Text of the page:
19 tn It is unclear who the addressees of the masculine plural imperatives are in this verse. Possibly they are the implied exiles who are viewed as in the process of returning and praying for their fellow countrymen.
20 tc Or “The
23 sn Jer 31:8-9 are reminiscent of the “New Exodus” motif of Isa 40-66 which has already been referred to in Jer 16:14-15; 23:7-8. See especially Isa 35:3-10; 40:3-5, 11; 41:17-20; 42:14-17; 43:16-21; 49:9-13. As there, the New Exodus will so outstrip the old that the old will pale in comparison and be almost forgotten (see Jer 23:7-8).
24 sn Ephraim was the second son of Joseph who was elevated to a place of prominence in the family of Jacob by the patriarch’s special blessing. It was the strongest tribe in northern Israel and Samaria lay in its territory. It is often used as a poetic parallel for Israel as here. The poetry is not speaking of two separate entities here; it is a way of repeating an idea for emphasis. Moreover, there is no intent to show special preference for northern Israel over Judah. All Israel is metaphorically God’s son and the object of his special care and concern (Exod 4:22; Deut 32:6).
25 sn Two rather theologically significant metaphors are used in this verse. The Hebrew word translated “will set…free” is a word used in the legal sphere for paying a redemption price to secure the freedom of a person or thing (see, e.g., Exod 13:13, 15). It is used metaphorically and theologically to refer to Israel’s deliverance from Egyptian bondage (Deut 15:15; Mic 6:4) and its deliverance from Babylonian exile (Isa 35:10). The word translated “secure their release” is a word used in the sphere of family responsibility where a person paid the price to free an indentured relative (Lev 25:48, 49) or paid the price to restore a relative’s property seized to pay a debt (Lev 25:25, 33). This word, too, was used to refer metaphorically and theologically to Israel’s deliverance from Egyptian bondage (Exod 6:6) or release from Babylonian exile (Isa 43:1-4; 44:22). These words are traditionally translated “ransom” and “redeem” and are a part of traditional Jewish and Christian vocabulary for physical and spiritual deliverance.
26 tn Heb “from the hand/power of the one too strong for him.”
27 tn Reading a Qal perfect from the root II נָהַר (nahar; so KBL 509 s.v. and HALOT 639 s.v.) rather than I נָהַר (so BDB 625 s.v.).
28 tn Heb “Oracle of the
29 tc The translation follows the reading of the LXX (Greek version). The Hebrew reads “will dance and be glad, young men and old men together.” The Greek version presupposes a Qal imperfect of a rare verb (יַחְדּוּ [yakhdu] from the verb חָדָה [khadah]; see BDB 292 s.v. II חָדָה Qal) as opposed to the Hebrew text which reads a common adverb יַחְדָּו (yakhdav). The consonantal text is the same but the vocalization is different. There are no other examples of the syntax of the adverb used this way (i.e., of a compound subject added to a third subject) and the vocalization of the Hebrew text can be explained on the basis of a scribe misvocalizing the text based on his greater familiarity with the adverb.
30 tn Heb “I will satiate the priests with fat.” However, the word translated “fat” refers literally to the fat ashes of the sacrifices (see Lev 1:16; 4:2 and cf. BDB 206 s.v. דֶּשֶׁן 2. The word is used more abstractly for “abundance” or “rich food” (see Job 36:16 and BDB 206 s.v. דֶּשֶׁן 1). The people and the priests were prohibited from eating the fat (Lev 7:23-24).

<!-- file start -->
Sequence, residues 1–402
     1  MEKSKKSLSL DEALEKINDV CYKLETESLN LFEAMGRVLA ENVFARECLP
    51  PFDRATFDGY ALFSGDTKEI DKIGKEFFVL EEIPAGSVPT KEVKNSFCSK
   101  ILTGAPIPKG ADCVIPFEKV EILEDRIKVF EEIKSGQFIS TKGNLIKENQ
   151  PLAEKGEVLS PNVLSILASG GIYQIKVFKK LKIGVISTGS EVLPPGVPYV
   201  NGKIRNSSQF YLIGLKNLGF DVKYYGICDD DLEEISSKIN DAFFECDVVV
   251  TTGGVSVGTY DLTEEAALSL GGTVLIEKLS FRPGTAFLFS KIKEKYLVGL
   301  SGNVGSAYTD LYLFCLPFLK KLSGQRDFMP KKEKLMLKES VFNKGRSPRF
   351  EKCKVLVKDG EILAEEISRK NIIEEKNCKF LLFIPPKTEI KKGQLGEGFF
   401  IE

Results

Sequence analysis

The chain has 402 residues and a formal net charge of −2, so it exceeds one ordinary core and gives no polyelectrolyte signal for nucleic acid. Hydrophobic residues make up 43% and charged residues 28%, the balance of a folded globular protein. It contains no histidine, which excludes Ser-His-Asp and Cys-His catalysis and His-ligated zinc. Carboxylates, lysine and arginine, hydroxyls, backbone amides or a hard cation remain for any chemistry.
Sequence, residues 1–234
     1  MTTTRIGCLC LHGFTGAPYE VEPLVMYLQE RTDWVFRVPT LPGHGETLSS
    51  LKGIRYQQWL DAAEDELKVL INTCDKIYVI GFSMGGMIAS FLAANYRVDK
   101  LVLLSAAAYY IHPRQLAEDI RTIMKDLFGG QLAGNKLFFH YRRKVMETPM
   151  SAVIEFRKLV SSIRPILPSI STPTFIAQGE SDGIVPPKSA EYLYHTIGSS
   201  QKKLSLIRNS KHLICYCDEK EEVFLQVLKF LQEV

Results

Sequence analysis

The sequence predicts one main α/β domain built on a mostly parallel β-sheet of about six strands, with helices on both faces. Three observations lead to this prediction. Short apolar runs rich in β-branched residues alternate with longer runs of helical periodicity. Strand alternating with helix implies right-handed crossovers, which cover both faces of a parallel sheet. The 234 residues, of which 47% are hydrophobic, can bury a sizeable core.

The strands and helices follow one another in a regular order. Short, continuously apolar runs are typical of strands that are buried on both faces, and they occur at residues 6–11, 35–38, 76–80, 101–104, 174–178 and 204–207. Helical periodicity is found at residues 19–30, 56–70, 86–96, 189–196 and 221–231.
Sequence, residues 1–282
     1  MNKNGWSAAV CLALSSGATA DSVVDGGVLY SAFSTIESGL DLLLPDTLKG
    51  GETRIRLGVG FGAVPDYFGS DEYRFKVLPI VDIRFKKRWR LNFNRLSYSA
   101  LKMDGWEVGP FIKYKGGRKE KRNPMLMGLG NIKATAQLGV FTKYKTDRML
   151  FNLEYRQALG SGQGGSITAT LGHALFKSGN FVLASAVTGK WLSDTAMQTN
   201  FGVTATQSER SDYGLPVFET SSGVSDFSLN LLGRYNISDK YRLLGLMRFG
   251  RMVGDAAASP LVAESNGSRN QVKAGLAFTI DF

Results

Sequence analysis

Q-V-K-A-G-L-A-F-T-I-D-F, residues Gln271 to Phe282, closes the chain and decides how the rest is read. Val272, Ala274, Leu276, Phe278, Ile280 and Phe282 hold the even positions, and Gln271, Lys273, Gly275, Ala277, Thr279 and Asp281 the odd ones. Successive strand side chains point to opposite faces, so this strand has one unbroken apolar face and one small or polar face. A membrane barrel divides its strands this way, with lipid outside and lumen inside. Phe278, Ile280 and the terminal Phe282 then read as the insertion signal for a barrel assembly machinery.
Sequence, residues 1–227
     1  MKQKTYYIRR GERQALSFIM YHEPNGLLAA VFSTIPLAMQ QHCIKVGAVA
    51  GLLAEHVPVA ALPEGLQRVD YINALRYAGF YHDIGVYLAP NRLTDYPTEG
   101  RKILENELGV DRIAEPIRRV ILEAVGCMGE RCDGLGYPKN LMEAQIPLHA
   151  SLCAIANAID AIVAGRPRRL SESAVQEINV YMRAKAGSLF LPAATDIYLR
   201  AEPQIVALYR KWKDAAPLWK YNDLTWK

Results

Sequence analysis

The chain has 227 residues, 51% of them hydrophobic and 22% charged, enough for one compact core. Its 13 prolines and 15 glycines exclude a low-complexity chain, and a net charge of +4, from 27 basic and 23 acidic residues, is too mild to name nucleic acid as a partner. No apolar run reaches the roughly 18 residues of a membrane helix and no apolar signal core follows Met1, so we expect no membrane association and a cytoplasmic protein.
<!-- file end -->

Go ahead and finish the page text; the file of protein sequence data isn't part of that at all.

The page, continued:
31 sn Ramah is a town in Benjamin approximately five miles (8 km) north of Jerusalem. It was on the road between Bethel and Bethlehem. Traditionally, Rachel’s tomb was located near there at a place called Zelzah (1 Sam 10:2). Rachel was the mother of Joseph and Benjamin and was very concerned about having children because she was barren (Gen 30:1-2) and went to great lengths to have them (Gen 30:3, 14-15, 22-24). She was the grandmother of Ephraim and Manasseh which were two of the major tribes in northern Israel. Here Rachel is viewed metaphorically as weeping for her “children,” the descendants of Ephraim and Manasseh, who had been carried away into captivity in 722
33 tn The words “to her” are not in the text but are implicit from the context. They are supplied in the translation for clarity.
34 tn Heb “Refrain your voice from crying and your eyes from tears.”
36 tn Heb “Oracle of the
37 tn For this nuance for the Hebrew word אַחֲרִית (’akharit) see BDB 31 s.v. אַחֲרִית d and compare usage in Pss 37:38; 109:13. Others translate “your future” but the “future” lies with the return of her descendants, her posterity.
38 tn Heb “Oracle of the
39 tn The use of “indeed” is intended to reflect the infinitive absolute which precedes the verb for emphasis (see IBHS 585-86 §35.3.1f).
sn Jer 2:20; 5:5 already referred to Israel’s refusal to bear the yoke of loyalty and obedience to the
42 tn The verb here is from the same root as the preceding and is probably an example of the “tolerative Niphal,” i.e., “I let myself be disciplined/I responded to it.” See IBHS 389-90 §23.4g and note the translation of some of the examples there, especially Isa 19:22; 65:1.
43 tn Heb “Bring me back in order that I may come back.” For the use of the plural pronouns see the marginal note at the beginning of the verse. The verb “bring back” and “come back” are from the same root in two different verbal stems and in the context express the idea of spiritual repentance and restoration of relationship not physical return to the land. (See BDB 999 s.v. שׁוּב Hiph.2.a for the first verb and 997 s.v. Qal.6.c for the second.) For the use of the cohortative to express purpose after the imperative see GKC 320 §108.d or IBHS 575 §34.5.2b.